On entering the Serpentine, the visitor is confronted by white things hanging off the roof. They are scruffy. Inelegant. Testicular. Examining them properly, you recognise that each individual hanging consists of a rubber ball in a plastic bag, around which has been wrapped some scrunched-up white material that turns out to be cactus skin. A caveman attempting to produce models of Saturn might come up with home-made wonky planets of this order. Orozco is from Mexico. His home-made planetarium retains a spark of non-European strangeness. Only a spark. And it’s not enough to transform the rubber balls in plastic bags into anything more vital than rubber balls in plastic bags.

    Famously, Orozco has no studio. He divides his time between Mexico, New York and Paris, and in each of these places, he makes art triggered by the surroundings he’s in. In New York, for instance, he began collecting litter in the streets and transporting it home in a rented Penske truck, resulting in a grimly prosaic selection of ready-mades, included here, called the Penske Work Project. In Paris, meanwhile, Orozco was taken with the circular mural pattern used on the walls of his local Métro station, so he had a team of assistants produce pencil rubbings of the Métro mural. They are unusually uninteresting.

    Thus, his art must be, and is, a hit-and-miss affair. It relies on moments of inspiration, on gnat bites of epiphany — and if the bite doesn’t come, it resorts to the good old circle to plug its emptiness and to geometrise it out of the vacuum. Are the wall rubbings from the Paris Métro more meaningful for being circular? Do the cardboard yoghurt containers deserve to be appended to the wall and arranged into reliefs, just because yoghurt cartons are round? I think not.

    The reason all the ersatz Pythagoreanism to which Orozco’s art defaults when it cannot find true inspiration is so extra-annoying is that his art, when it does work, works so intriguingly. Even in this dull, dull show, there are flashes of real pictorial invention. Chief among these is a human skull that has had a black check pattern drawn onto it. It’s a spooky object: a cross between a death’s-head and a chessboard. Technically, I suppose the carefully worked-out pattern of black chequers might be described as an example of geometry, but it is the choice of the skull as the backing that makes this such a strange and resonant object. Was it made in Mexico, New York or Paris? I would stake £100 on the answer being Mexico.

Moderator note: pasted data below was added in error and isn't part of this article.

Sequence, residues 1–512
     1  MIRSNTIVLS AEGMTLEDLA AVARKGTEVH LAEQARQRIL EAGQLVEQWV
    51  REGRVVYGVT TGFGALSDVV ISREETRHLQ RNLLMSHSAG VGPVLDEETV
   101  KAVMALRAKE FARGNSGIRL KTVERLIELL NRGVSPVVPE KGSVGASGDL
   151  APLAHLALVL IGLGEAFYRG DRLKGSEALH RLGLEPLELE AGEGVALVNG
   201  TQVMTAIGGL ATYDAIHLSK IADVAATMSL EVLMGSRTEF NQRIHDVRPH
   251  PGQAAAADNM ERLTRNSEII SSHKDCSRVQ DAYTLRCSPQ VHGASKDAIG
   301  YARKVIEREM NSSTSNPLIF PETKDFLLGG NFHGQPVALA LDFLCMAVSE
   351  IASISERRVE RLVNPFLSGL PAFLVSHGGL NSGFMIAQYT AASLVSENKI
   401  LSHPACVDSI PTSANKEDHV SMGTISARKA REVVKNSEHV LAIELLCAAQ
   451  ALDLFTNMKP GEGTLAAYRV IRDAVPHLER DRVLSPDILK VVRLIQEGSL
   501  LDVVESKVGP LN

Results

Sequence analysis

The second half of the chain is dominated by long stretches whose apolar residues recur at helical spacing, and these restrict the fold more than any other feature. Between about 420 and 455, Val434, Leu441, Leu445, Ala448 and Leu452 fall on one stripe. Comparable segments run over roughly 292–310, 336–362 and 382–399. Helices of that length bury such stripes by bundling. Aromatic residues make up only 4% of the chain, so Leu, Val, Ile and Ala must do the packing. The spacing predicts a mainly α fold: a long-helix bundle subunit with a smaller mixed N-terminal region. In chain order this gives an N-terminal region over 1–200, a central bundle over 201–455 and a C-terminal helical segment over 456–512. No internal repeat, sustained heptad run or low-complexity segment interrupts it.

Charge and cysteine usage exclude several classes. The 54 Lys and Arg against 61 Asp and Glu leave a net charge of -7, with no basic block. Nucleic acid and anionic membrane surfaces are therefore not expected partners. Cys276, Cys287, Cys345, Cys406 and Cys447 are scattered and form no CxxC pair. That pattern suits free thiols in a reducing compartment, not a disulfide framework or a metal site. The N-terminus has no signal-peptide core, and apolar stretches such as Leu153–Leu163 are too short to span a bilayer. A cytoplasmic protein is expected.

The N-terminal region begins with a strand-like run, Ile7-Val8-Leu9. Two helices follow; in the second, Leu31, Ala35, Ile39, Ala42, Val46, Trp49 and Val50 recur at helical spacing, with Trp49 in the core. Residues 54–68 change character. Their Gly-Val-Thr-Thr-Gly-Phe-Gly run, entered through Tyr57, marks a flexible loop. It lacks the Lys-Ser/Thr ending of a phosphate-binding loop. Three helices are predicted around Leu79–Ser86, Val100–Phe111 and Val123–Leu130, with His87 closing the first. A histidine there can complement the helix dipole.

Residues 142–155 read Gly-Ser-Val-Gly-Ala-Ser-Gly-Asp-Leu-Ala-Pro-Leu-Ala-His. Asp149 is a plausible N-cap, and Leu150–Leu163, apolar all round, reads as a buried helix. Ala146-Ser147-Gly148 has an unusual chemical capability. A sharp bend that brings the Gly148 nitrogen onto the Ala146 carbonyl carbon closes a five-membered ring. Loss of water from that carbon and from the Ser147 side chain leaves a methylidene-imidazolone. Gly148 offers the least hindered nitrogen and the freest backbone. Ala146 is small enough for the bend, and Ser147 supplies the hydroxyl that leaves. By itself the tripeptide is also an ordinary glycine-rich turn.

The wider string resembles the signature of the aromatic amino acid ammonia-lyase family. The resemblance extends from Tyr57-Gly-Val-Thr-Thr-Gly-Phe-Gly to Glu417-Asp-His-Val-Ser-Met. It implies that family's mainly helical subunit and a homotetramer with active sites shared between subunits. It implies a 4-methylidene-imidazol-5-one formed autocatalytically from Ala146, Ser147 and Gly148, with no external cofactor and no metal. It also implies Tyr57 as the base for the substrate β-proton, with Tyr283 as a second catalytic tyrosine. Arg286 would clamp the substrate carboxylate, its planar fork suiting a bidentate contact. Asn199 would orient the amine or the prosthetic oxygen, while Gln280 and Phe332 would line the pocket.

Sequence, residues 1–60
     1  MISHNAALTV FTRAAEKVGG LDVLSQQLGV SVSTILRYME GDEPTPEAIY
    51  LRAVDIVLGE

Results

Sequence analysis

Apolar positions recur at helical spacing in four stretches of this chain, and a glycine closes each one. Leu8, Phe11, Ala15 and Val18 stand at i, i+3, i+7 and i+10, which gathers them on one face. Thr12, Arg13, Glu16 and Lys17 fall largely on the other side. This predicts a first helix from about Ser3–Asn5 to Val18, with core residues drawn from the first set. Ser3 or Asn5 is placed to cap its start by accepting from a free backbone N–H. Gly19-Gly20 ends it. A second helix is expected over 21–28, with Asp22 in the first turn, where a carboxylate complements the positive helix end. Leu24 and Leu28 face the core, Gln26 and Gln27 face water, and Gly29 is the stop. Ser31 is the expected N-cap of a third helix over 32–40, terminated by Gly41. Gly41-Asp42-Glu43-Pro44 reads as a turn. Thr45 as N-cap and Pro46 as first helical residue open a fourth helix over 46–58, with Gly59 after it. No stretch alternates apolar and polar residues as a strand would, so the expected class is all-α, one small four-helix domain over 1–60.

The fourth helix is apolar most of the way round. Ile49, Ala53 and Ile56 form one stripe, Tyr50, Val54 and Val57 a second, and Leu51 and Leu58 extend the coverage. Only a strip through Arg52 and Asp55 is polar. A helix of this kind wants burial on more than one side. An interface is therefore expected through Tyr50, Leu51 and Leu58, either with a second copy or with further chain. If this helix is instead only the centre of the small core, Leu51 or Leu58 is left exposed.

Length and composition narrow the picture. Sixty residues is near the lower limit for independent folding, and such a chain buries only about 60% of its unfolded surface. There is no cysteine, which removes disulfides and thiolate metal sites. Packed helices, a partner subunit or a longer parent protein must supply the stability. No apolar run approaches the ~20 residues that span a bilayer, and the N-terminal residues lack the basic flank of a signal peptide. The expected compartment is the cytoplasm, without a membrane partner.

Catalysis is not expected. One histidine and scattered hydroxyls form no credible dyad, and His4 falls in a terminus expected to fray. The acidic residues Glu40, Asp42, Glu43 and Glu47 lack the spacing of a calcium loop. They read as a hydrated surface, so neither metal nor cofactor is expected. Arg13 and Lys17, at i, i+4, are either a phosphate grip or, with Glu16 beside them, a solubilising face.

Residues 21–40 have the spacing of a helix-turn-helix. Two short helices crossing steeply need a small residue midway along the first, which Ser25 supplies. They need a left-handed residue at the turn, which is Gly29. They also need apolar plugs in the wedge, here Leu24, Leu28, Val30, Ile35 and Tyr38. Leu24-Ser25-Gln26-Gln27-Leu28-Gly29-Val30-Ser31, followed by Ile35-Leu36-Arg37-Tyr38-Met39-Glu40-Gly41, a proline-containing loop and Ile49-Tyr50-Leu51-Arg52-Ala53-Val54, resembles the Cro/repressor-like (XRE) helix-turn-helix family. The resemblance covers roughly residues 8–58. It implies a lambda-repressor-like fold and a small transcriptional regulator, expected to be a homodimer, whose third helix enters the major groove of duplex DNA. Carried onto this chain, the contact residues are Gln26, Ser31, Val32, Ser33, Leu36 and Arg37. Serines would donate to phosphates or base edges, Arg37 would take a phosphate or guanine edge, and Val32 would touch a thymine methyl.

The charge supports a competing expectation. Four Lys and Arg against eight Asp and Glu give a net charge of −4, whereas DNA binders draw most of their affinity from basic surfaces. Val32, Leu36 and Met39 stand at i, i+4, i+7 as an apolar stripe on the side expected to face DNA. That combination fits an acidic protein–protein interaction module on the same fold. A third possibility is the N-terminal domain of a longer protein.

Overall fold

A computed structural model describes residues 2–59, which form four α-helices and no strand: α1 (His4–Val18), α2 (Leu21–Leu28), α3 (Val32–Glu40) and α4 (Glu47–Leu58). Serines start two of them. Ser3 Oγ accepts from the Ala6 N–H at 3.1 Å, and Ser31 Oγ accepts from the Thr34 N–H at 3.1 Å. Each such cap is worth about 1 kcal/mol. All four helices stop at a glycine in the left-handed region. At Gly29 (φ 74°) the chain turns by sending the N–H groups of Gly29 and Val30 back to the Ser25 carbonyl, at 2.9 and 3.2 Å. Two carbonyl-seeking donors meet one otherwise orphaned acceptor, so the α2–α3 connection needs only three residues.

It is an artwork from the heart, one from the id, wild, fantastical, rupturing and about as un-Pythagorean as an artwork can be. How can the artist who made this ever be satisfied with collecting yoghurt cartons with circles in them? Also disquieting is a creepy set of washing lines from which hang some swaying skins of lint that Orozco has collected from the insides of public washing machines in his ’hood in New York. The lint consists of human hair, woollen fabric, flecks of skin, crumbs, specks, splinters. It is made of people dust, therefore, and carries an eerie, Auschwitzian charge. It’s so light that when you walk past it, it flaps in the wind. I see here a poignant metaphor of human history, and a good conceptual joke about the purpose of washing lines. But I don’t see any geometry. Indeed, the piece strikes me as anti-geometric. Perhaps it has been included because the doors of the drying machines were circular?